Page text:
The Atlantic (17 April 2012) has an article this week called " Homeland Security's 'Pre-Crime' Screening Will Never Work." 

The Atlantic mocks the Department of Homeland Security's (DHS) Future Attribute Screening Technology (FAST) for attempting to screen terrorists based on physiological and behavioral cues to analyze and detect people demonstrating abnormal or dangerous indicators.

The article calls this "pre-crime detection" similar to that in Tom Cruise's movie Minority Report, and labels it a  "super creepy invasion of privacy" and of "little to no marginal security" benefit.

They base this on a 70% success rate in "first round of field tests" and the "false-positive paradox," whereby there would be a large number of innocent false positives and that distinguishing these would be a "non-trivial and invasive task." 

However, I do not agree that they are correct for a number of reasons: 

1) Accuracy Rates Will Improve--the current accuracy rate is no predictor of future accuracy rates. With additional research and development and testing, there is no reason to believe that over time we cannot significantly improve the accuracy rates to screen for such common things as "elevated heart rate, eye movement, body temperature, facial patterns, and body language" to help us weed out friend from foe. 

2) False-Positives Can Be Managed--Just as in disease detection and medical diagnosis, there can be false-positives, and we manage these by validating the results through repeating the tests or performing additional corroborating tests; so too with pre-crime screening, false-positives can be managed with validation testing, such as through interviews, matching against terrorist watch lists, biometric screening tools, scans and searches, and more. In other words, pre-crime detection through observable cues are only a single layer of a comprehensive, multilayer screening strategy.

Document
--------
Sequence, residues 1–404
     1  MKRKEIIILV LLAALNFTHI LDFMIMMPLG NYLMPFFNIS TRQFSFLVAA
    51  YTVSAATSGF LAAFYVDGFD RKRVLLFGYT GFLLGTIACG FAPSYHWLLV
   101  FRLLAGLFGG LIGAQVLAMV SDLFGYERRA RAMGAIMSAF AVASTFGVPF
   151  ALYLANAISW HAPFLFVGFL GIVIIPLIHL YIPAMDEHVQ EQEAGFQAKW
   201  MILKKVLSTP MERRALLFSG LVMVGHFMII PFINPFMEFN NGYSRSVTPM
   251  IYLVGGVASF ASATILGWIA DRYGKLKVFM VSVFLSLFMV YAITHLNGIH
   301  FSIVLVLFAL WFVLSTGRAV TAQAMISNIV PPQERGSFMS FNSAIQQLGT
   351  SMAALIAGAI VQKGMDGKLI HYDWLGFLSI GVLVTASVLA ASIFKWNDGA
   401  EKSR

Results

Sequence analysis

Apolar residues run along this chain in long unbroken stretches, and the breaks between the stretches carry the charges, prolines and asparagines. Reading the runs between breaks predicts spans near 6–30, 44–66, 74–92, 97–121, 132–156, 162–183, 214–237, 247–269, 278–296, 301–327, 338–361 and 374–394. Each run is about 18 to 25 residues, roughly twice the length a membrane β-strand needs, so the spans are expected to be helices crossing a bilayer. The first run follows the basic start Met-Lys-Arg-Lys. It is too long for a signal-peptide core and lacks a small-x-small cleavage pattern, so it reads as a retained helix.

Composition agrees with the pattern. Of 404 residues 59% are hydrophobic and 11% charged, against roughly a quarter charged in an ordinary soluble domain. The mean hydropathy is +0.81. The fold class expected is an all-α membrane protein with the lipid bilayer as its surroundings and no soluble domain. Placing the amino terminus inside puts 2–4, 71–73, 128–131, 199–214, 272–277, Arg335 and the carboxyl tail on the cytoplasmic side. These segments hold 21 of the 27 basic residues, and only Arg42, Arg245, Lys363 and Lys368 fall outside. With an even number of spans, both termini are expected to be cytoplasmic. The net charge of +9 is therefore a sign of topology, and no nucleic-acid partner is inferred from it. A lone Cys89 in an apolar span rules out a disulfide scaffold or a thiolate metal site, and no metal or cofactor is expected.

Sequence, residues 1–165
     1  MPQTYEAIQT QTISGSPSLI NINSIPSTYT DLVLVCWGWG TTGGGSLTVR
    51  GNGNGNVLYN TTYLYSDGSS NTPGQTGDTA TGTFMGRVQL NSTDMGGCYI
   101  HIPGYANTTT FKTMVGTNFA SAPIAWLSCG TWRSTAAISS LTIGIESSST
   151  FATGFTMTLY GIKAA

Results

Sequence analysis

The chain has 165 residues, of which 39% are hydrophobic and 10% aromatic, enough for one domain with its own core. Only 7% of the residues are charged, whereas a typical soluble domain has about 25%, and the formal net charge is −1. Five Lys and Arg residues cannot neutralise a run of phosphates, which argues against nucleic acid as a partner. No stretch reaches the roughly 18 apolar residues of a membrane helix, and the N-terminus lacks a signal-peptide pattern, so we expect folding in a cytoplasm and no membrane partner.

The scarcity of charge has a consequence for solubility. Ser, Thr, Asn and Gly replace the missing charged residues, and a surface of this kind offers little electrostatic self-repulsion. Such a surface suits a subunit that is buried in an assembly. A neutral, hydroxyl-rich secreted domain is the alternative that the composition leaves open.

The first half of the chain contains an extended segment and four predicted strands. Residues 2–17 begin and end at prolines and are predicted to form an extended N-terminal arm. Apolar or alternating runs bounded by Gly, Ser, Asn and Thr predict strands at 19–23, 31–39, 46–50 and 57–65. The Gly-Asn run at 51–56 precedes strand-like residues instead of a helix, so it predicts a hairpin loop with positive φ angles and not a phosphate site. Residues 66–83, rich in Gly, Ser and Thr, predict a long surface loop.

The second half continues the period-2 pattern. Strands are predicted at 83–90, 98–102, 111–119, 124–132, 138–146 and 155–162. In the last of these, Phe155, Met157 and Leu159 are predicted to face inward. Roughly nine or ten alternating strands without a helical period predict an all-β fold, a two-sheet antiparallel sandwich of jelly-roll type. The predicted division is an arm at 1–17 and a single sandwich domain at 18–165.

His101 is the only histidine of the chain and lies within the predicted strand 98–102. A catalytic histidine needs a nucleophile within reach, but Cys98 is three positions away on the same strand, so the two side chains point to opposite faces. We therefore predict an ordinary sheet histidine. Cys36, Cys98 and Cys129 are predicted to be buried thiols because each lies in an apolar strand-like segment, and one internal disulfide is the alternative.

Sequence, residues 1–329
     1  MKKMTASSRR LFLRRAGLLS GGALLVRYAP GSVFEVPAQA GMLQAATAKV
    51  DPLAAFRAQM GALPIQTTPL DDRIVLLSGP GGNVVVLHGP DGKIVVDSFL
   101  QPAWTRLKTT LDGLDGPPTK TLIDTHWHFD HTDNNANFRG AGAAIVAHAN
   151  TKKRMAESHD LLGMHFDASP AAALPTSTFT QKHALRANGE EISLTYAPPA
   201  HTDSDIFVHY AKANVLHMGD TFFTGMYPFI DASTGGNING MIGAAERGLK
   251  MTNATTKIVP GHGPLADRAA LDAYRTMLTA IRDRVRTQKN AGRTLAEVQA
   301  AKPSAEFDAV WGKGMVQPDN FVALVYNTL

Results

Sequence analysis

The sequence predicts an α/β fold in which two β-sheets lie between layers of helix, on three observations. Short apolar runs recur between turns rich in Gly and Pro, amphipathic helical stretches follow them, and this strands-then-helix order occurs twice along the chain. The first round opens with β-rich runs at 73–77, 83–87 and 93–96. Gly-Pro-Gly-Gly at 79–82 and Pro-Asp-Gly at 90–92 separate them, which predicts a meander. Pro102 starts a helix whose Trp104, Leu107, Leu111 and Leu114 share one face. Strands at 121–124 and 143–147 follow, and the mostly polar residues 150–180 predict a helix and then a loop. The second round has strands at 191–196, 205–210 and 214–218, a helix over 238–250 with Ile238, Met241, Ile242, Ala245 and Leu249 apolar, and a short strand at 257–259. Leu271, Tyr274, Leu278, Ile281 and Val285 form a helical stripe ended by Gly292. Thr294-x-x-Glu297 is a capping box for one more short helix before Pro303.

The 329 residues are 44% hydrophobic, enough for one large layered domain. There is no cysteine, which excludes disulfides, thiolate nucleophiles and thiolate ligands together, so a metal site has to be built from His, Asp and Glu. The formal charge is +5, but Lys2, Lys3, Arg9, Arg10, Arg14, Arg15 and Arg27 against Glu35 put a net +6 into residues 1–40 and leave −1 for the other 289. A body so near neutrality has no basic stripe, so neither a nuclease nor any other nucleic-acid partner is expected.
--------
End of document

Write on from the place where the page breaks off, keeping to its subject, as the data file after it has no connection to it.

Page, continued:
Contrary to what The Atlantic states that pre-crime screening is "doomed from the word go by a preponderance of false-positives," terrorist screening is actually is vital and necessary part of a defense-in-depth strategy and is based on risk management principles. To secure the homeland with finite resources, we must continuously narrow in on the terrorist target by screening and refining results through validation testing, so that we can safeguard the nation as well as protect privacy and civil liberties of those who are not a threat to others. 

Additionally, The Atlantic questions whether subjects used in experimental screening will be able to accurately mimic the cues that real terrorist would have in the field. However, with the wealth of surveillance that we have gathered of terrorists planning or conducting attacks, especially in the last decade in the wars in Iraq and Afghanistan, as well as with reams of scientific study of the mind and body, we should be able to distinguish the difference between someone about to commit mass murder from someone simply visiting their grandmother in Miami. 

The Atlantic's position is that  terrorist screening's "(possible) gain is not worth the cost"; However, this is ridiculous since the only alternative to pre-crime detection is post-crime analysis--where rather than try and prevent terrorist attacks, we let the terrorists commit their deadly deeds--and clean up the mess afterwards. 

In an age, when terrorists will stop at nothing to hit their target and hit it hard and shoe and underwear bombs are serious issues and not late night comedy, we must invest in the technology tools like pre-crime screening to help us identify those who would do us harm, and continuously work to filter them out before they attack. 

(Source Photo: here with attribution to Dan and Eric Sweeney)